Six surprising facts about the history of Thanksgiving

Many families in America will today celebrate what is believed to be a joyful feast between Pilgrims and Native Americans, though different meanings have been given to the holiday. Thanksgiving Day, for some, is a time to spend with family, give thanks and enjoy delectable recipes. Others look forward to it because it is yet another day away from the pressures of work and school.
Essentially, Thanksgiving is celebrated to give thanks for the fruits of the previous harvest. In America, the celebration dates back to 1621, when the harvest was celebrated by the Pilgrims who had sailed from England on the ship Mayflower in September 1620 and were now settlers of the Plymouth Colony in what’s now called Massachusetts. But other accounts debunk any sort of happy feast between Pilgrims and the Native Americans at the time and rather describe the situation as white colonists who invaded a land, claimed it as their own, and slaughtered the indigenous people of the land in what is called the Pequot War between the settlers and the natives. Historians do not also agree about when the first Thanksgiving was held. The Pilgrims say their first “Thanksgiving” took place in July 1623 not 1621
The feast celebrated by the pilgrims in 1621 was never referred to as “Thanksgiving” by the colonists. Rather, it was a harvest celebration, according to a report by historyofmassachusetts.org. The report said it was in July 1623 that the pilgrims did organize what they called a “Thanksgiving.” This celebration was not in any way connected to the fall harvest as it was just a religious day of prayer and fasting. Then in 1962, a Virginia state senator wrote President John. F. Kennedy that “America’s First Thanksgiving was actually celebrated in Virginia in 1619.” The president had mentioned Plymouth as the site of the First Thanksgiving but the Virginia senator referred him to a religious ceremony English settlers held in 1619 when they arrived in Berkeley Plantation near Richmond, TIME reported. Kennedy did take note of this. In 1963, his Thanksgiving proclamation began: “Over three centuries ago, our forefathers in Virginia and in Massachusetts … set aside a time of thanksgiving.”
People were divided over a national Thanksgiving holiday.
When President George Washington proclaimed the first national Thanksgiving Day in 1789, some members of Congress were against it. They argued that the president didn’t have the authority to designate a Thanksgiving Day as that right belonged to individual state governors. Others also wanted the Day to be separated from state activities as it was deemed “religious.”
Football games have been played at Thanksgiving since the late 1800s.
Though the first national Thanksgiving Day was proclaimed by Washington in 1789, it did not become a regular holiday in the U.S. until 1863 when Abraham Lincoln declared that the last Thursday in November should be celebrated as Thanksgiving. Football games then became a part of the celebration. The first football game on Thanksgiving Day was played in the mid-1870s when Princeton played Yale in Hoboken, N.J.In 1934, the first NFL football game also took place when the Detroit Lions played the Chicago Bears. The Lions have gone on to play on Thanksgiving Day except when the team was called away to serve during World War II. The Dallas Cowboys have hosted a game almost every year since 1966. To date, scores of college football teams play on or immediately after Thanksgiving.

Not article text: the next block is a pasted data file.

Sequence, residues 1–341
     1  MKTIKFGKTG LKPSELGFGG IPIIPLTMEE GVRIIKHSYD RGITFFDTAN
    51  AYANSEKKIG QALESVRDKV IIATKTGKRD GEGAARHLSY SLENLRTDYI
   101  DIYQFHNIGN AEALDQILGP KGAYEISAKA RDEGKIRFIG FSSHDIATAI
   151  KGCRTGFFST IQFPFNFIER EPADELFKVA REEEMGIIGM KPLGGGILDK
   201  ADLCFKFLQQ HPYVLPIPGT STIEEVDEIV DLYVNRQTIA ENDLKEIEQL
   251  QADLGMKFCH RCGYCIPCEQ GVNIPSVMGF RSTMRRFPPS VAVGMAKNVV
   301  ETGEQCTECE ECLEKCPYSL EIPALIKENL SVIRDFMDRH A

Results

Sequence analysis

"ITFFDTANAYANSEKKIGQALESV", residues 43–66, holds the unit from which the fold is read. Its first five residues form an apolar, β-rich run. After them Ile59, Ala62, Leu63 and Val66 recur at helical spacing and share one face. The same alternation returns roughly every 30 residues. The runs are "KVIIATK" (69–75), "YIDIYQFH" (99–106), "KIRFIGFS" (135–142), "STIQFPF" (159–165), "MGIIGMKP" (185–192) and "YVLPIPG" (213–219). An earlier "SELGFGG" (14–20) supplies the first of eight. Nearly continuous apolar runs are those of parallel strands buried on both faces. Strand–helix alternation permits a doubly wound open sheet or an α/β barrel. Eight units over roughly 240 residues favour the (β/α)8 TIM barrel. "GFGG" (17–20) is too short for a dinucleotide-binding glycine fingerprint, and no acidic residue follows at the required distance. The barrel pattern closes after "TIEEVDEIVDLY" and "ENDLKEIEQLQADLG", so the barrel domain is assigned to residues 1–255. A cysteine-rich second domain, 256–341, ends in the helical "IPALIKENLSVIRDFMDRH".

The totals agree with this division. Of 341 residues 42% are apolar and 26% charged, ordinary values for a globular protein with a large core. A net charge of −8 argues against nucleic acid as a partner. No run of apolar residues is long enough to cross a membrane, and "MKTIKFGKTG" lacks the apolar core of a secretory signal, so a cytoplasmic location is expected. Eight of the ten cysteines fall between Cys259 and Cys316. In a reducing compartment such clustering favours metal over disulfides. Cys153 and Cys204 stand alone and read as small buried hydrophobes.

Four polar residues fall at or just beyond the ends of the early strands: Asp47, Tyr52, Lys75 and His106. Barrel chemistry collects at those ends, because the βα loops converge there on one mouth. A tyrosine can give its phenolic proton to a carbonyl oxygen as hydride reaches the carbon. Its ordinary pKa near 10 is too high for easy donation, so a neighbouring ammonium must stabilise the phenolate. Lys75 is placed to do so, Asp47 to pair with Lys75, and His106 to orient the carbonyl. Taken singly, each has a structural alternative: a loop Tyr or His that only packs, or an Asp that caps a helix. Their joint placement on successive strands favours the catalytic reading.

Turkey wasn’t associated with Thanksgiving
Today, Thanksgiving celebration in the U.S. usually comes with a large meal, which almost always includes turkey, but the turkey wasn’t even the centrepiece of the meal the Pilgrims and the Native Americans (Wampanoag) ate in the 1600s. Historians note that at the time of the First Thanksgiving, there were other fowls apart from turkey as well as corn and oysters. Today, it is estimated that between 85 and 91 per cent of Americans eat turkey on Thanksgiving while others refer to Thanksgiving as ‘Turkey Day’. What’s more, presidents pardon turkeys in honour of Thanksgiving, and this dates back to the Truman Administration.
Thanksgiving, for most Black people, was along with the Christian faith
Throughout Black churches in Antebellum America, pastors openly preached against slavery and the struggles of Black people during Thanksgiving, with hopes that their troubles would cease in the future. Some slaves meanwhile took advantage of Thanksgiving to escape as their slave owners were often far away from them. They used what was called passes granted them by their owners to facilitate their escape and delay the discovery of their escape.
So many nations celebrate Thanksgiving
Though Thanksgiving Day is popularly known to be celebrated in the United States, Thanksgiving Day is also celebrated in other countries, including Canada, Japan and Germany. People in the Caribbean and Africa also mark the day for unique reasons.